Dusty plasmas. – In the field of dusty plasma physics, we have developed a new, very simple and sensitive method to measure the sputtering rate of solid materials in stationary low-pressure gas discharges. The method is based on the balance of the centrifugal force and the confinement electric force acting on a single electrically charged dust particle in a rotating environment. We have demonstrated the use and sensitivity of this method in a capacitively coupled radio frequency argon discharge. We were able to detect a reduction of 10 nm in the diameter of a single dust particle and have measured the reduction rate of 6 nm/min of the particle radius.

A magnetic field was recently shown to enhance the field-parallel heat conduction in a strongly correlated plasma whereas cross-field conduction is reduced. With three-dimensional molecular dynamics simulations relevant to dusty plasmas, we have shown that in such plasmas, the magnetic field has the additional effect of inhibiting the isotropization process between field-parallel and cross-field temperature components, thus leading to the emergence of strong and long-lived temperature anisotropies when the plasma is locally perturbed. We have presented an extended heat equation, which is able to describe this process accurately.

Figure 2. Maps of the full S(3)(k1,k2,k0) 3-point static structure factor of strongly coupled Yukawa-liquids at a wave vector k1a = (1.85,0). Left: experimental data obtained on a 2-dimensional dusty plasma, right: results of molecular dynamics simulations at the same plasma parameters (a coupling coefficient of 95 and a screening coefficient of 0.7).

Technological application of high-frequency discharge systems. – Based on our experience gained during the biological decontamination studies on afterglow plasmas, we have joined another fast-developing field, namely plasma agriculture, which is aimed to develop new technology for agriculture. We used the afterglow of a surface-wave microwave discharge to investigate the effect of different afterglow plasmas on cereal crops. In our study, we treated non-infected and infected cereal crops, respectively, in the afterglow of Ar/N2-O2 surface-wave microwave discharges at 2-8 mbar pressure, using the following initial gas mixtures: (i) N2-20%O2, (ii) N2-10%O2, (iii) N2-2%O2, (iv) Ar-20%O2, (v) Ar-40%O2 and (vi) Ar-20%O2 + N2-2%O2, which made possible to isolate different species and identify their role in the process. We have shown that the germination and vigour of non-infected seeds are not significantly effected when barley is treated max 120 s at 2 mbar and maize 240 s at 4 mbar. On the other hand, seeds can be disinfected from the germination inhibitors F. graminearum and F. verticillioides. The most efficient treatment, which also increases the germination of infected seeds above 80%, is the 3 min Ar-20%O2 afterglow at 4 mbar for barley, while for maize the 4 min Ar-20%O2+2 min N2-2%O2 afterglow at 8 mbar. The high NO-content mixtures and the heating of seed surface by the recombination of O and N-atoms inhibit barley germination.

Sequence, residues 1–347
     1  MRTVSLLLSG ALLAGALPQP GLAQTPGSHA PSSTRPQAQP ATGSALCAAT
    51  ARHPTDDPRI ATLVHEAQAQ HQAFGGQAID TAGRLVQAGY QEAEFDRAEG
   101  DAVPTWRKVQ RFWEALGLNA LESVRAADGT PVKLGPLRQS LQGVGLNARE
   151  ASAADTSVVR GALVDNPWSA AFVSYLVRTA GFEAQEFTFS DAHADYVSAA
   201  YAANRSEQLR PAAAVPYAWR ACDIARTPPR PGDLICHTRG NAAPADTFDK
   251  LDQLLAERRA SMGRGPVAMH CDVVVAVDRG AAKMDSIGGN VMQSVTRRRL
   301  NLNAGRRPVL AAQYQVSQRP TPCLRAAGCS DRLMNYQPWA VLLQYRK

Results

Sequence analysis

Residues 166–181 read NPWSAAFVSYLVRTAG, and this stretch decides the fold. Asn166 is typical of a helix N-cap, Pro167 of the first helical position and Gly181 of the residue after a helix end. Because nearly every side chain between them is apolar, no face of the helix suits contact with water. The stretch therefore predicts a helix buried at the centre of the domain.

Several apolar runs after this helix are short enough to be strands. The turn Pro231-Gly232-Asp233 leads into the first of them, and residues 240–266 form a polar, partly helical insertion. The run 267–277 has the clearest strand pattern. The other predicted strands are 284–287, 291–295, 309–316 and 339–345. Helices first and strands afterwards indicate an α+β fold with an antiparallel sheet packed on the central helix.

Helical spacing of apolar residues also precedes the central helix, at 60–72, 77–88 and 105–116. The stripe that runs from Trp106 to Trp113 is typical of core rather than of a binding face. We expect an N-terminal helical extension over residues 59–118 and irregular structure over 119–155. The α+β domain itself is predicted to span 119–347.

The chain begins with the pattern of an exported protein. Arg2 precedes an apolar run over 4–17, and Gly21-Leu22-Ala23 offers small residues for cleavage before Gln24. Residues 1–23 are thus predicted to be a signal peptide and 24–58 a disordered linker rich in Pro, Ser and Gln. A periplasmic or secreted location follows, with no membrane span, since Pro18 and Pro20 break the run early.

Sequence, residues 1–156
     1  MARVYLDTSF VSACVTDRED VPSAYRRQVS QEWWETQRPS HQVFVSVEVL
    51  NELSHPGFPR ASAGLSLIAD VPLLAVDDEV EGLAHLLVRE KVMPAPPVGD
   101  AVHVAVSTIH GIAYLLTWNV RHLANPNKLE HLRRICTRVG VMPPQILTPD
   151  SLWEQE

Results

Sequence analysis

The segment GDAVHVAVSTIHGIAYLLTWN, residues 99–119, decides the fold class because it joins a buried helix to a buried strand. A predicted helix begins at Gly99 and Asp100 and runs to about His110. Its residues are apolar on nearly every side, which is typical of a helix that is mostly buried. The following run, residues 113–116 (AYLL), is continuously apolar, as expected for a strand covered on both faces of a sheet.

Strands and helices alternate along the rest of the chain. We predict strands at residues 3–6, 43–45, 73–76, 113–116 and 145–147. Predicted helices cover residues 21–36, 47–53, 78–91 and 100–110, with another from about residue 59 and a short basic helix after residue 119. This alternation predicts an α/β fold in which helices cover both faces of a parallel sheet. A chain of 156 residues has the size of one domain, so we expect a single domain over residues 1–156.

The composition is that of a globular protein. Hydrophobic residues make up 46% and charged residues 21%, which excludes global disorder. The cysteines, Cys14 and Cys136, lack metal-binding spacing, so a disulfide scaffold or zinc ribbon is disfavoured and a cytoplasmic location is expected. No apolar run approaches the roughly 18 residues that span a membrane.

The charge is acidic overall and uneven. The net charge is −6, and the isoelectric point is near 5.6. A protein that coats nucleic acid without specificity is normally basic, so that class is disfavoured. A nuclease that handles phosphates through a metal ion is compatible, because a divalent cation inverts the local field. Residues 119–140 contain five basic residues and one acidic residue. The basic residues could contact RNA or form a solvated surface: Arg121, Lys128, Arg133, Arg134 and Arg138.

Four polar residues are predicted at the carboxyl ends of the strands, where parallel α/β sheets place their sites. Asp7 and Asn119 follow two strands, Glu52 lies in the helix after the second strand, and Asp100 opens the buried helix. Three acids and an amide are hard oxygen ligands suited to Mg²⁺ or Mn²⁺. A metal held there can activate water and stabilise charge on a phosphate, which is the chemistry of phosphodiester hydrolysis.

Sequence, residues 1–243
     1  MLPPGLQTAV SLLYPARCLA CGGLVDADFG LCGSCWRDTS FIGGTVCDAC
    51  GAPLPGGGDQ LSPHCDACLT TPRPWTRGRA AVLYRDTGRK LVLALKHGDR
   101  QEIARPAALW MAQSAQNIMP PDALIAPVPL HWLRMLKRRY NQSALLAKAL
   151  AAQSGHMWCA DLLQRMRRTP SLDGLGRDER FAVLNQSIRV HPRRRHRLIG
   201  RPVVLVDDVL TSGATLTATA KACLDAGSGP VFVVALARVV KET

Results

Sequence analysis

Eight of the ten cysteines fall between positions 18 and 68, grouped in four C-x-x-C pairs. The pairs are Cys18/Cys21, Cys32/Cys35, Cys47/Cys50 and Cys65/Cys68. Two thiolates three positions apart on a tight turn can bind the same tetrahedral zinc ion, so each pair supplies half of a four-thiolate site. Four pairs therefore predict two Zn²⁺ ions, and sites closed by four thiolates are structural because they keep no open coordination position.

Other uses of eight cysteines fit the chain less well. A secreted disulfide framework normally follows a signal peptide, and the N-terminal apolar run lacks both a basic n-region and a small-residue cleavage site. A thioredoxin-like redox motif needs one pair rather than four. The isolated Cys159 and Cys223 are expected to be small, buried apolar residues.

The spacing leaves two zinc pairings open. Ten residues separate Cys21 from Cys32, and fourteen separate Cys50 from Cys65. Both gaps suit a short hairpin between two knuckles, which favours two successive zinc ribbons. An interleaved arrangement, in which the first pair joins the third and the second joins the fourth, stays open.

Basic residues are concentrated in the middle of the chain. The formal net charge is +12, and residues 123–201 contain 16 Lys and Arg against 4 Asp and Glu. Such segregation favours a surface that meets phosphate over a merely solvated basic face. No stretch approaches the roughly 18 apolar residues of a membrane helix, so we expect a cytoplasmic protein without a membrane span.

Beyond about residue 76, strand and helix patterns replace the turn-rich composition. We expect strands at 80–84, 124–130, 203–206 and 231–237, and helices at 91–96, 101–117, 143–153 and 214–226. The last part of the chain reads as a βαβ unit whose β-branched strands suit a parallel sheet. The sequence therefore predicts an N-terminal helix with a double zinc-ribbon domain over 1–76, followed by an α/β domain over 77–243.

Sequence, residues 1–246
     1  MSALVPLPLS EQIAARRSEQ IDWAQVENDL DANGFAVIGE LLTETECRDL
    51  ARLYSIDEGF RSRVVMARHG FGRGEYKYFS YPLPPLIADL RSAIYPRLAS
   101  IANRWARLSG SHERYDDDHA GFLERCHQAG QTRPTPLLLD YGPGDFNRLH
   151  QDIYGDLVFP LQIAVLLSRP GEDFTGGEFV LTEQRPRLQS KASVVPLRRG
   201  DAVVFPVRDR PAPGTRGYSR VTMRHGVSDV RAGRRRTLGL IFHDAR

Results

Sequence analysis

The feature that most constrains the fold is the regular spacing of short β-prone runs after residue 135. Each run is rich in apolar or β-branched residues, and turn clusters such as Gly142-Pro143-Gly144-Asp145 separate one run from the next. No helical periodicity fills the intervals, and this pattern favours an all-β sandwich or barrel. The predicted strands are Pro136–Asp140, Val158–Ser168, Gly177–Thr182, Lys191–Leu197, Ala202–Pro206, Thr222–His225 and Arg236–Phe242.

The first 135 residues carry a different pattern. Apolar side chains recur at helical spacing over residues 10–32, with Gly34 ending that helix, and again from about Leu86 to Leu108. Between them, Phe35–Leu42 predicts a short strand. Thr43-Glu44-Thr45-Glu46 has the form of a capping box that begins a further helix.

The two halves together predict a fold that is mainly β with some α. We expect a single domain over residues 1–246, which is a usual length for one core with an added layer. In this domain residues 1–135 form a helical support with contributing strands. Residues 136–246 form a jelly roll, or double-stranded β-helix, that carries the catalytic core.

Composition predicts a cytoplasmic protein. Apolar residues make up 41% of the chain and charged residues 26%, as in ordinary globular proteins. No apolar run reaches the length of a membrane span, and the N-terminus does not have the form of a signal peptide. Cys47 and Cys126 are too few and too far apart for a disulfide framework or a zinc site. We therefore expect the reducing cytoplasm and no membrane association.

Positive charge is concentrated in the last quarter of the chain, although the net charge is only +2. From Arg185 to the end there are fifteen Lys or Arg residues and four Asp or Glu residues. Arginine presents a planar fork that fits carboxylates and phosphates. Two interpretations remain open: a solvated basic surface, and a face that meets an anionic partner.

Figure 3. The post-discharge system with the surface-wave microwave discharge operating in N2-20%O2 mixture during seed treatments.

We have studied the formation of oxide structures on copper plates in the discharge sheath and in the afterglow region of an inductively coupled rf discharge at different gas mixtures, input power and treatment time, as well as in the afterglow of a surface-wave microwave (mw) discharge, and compared the two systems. In the sheath of the rf discharge, regular shapes have been formed with incipient growth of nanowires as shown in Fig. 4 (a). Higher power, which results in higher temperature, contributed to thicker layer formation, while lower powers to the structuring of the oxide layer. The oxidation in the afterglow was found to be much faster, in few minutes a thick layer was formed which detached after a threshold thickness. Depending on the oxygen content and gas temperature, different structures could be created. At lower O2 content mixture (50 sccmAr-10 sccm O2), larger individual structures have been formed, with the attempt of wires to grow on them. At the same low flow rate, with further decrease of the input power, wall structures were found, and, similarly, also in the afterglow of the mw discharge at 500 sccm N2 – 120 sccm O2. Fig. 4 (b)-(c) show the restructuring of the copper-oxide layer created in RF afterglow with the N2-O2 mw afterglow, showing the wall shape structuring of the initial structures. In case of Ar-O2 mw discharge, the oxidation rate is very low due to the lower temperature compared to the N2-O2. We have found that the wall structure, which is the basic element of the structures, can be created at lower oxidation rate, which is related to lower temperature and lower O-atom density. In case of a surface-wave microwave discharge system, this can be easily tuned with the gas flow rate and the position of the wave launcher along the discharge tube.